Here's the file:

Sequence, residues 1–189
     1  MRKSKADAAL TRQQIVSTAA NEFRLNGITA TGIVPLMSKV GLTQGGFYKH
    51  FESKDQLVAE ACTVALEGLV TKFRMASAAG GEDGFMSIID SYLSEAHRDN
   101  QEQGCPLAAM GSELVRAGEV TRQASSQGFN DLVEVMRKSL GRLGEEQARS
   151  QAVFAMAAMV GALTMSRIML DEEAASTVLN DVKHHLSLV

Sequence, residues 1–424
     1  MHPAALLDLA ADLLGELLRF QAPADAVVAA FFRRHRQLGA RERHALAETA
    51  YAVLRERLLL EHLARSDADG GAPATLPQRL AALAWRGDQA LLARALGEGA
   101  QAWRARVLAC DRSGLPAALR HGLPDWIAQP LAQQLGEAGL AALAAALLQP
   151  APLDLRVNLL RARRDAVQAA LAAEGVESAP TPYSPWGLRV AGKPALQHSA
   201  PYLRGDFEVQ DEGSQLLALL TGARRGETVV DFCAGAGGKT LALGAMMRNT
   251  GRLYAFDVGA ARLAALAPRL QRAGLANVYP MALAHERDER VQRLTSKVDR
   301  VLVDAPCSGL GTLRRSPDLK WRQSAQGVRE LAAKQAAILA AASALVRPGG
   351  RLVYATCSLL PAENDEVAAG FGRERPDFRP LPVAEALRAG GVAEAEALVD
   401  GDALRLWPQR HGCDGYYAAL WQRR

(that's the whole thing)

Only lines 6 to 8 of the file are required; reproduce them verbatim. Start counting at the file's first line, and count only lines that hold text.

Sequence, residues 1–424
     1  MHPAALLDLA ADLLGELLRF QAPADAVVAA FFRRHRQLGA RERHALAETA
    51  YAVLRERLLL EHLARSDADG GAPATLPQRL AALAWRGDQA LLARALGEGA